Cultural Weddings ♥ Serbian Weddings

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Seeing as My Darling Husband is Serbian I was interested to see what a traditional Serbian Wedding involved. I found this post of a western Bride’s account of her marriage to a Serb which is hilariously fabulous…makes me wish we’d have done it Serb-style! Check out the highlights:


There is no dress frenzy. Rather than spending thousands of dollars on a dress you only get to wear once, Serbian brides simply rent one for a fraction of the cost. Brilliant, huh?

The bachelorette

Pre-wedding festivities in Serbia are radically different from the North American blitz of engagement parties, bridal showers, bachelorettes, spa days, and hair and makeup trials. There is little doting over brides in the days preceding (or even the day of) the wedding.

After several days of hard drinking and dancing in Belgrade’s numerous bars, cafes, and splavs (floating nightclubs), I found myself on my last day of singledom sitting in a small café with my sister-in-law, Aleksandra. Chain-smoking and pounding back vodka

The crowning moment

I insisted that the wedding take place in Belgrade’s Saborna Crkva, the cathedral in which Serbian King Peter was crowned in 1904.

This sense of majesty is extended even further in the symbolic crowning common to all Orthodox wedding ceremonies. The typical Saborna Crkva wedding involves large golden crowns.

My princess-excitement hit full throttle as the chanting priest crowned me and we walked around the cathedral, my train floating happily behind. I had no idea what the hell the choir was singing or what the Orthodox priest was asking me, but I felt pretty spectacular with a big-ass crown on my head.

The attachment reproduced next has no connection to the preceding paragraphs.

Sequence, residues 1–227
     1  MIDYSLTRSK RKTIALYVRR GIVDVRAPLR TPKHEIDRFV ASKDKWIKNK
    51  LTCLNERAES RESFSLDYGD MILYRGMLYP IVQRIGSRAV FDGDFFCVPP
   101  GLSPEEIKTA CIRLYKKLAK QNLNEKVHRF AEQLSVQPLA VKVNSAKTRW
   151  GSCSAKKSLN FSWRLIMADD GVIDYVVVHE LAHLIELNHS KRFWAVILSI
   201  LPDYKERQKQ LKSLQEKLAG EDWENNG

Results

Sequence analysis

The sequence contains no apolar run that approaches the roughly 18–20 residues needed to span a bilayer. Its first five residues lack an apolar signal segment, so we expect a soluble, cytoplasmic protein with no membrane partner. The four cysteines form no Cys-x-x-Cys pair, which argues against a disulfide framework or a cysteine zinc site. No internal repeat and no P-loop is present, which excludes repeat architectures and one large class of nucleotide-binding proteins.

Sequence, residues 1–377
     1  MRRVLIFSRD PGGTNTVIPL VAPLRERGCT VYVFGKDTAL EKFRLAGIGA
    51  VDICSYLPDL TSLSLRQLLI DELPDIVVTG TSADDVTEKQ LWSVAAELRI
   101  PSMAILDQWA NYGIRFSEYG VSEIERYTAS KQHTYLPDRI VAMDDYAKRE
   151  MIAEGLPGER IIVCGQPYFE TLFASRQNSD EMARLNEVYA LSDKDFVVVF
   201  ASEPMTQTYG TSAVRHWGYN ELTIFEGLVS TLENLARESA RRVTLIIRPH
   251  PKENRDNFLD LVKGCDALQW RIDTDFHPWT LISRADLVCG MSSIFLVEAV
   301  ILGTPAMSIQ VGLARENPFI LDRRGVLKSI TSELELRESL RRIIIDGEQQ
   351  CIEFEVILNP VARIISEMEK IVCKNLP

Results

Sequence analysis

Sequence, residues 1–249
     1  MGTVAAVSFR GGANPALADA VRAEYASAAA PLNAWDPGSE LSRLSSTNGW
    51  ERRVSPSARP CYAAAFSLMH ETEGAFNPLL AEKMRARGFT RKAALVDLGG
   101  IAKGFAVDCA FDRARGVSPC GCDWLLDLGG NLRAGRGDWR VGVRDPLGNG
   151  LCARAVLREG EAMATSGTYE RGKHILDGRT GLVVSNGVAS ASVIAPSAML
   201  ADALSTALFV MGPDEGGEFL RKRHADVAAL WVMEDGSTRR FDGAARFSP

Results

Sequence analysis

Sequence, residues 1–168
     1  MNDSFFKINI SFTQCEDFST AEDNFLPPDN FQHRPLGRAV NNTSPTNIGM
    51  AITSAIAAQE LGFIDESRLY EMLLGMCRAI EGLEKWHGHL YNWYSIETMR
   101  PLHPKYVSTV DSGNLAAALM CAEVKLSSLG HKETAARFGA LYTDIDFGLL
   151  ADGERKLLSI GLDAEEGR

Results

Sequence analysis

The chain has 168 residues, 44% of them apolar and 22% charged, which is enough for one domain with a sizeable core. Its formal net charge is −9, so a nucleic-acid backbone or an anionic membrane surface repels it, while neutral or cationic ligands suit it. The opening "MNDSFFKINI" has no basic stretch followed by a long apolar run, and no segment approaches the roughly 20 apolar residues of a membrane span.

Ain’t no party like a Belgrade party

This brings me to yet another difference between North American and Serbian wedding traditions: absent is the obscene “once in a lifetime” money-spending on tabletop decor, vintage-inspired Etsy finds, gourmet hors d’oeurves, photobooths, and commemorative take-home junk for guests.

There aren’t even any speeches, embarrassing garter belt removals, or “win the centerpiece” games. Rather, the hallmarks of solid Serbian wedding receptions are meat laden platters, hard drinking immediately following the ceremony, the kolo (joyous dancing in circular formation), and rambunctious Gypsy brass bands. I was on-the-floor drunk by the time the cake arrived, two giant firecrackers blazing out of its sides.

Read the full account here.

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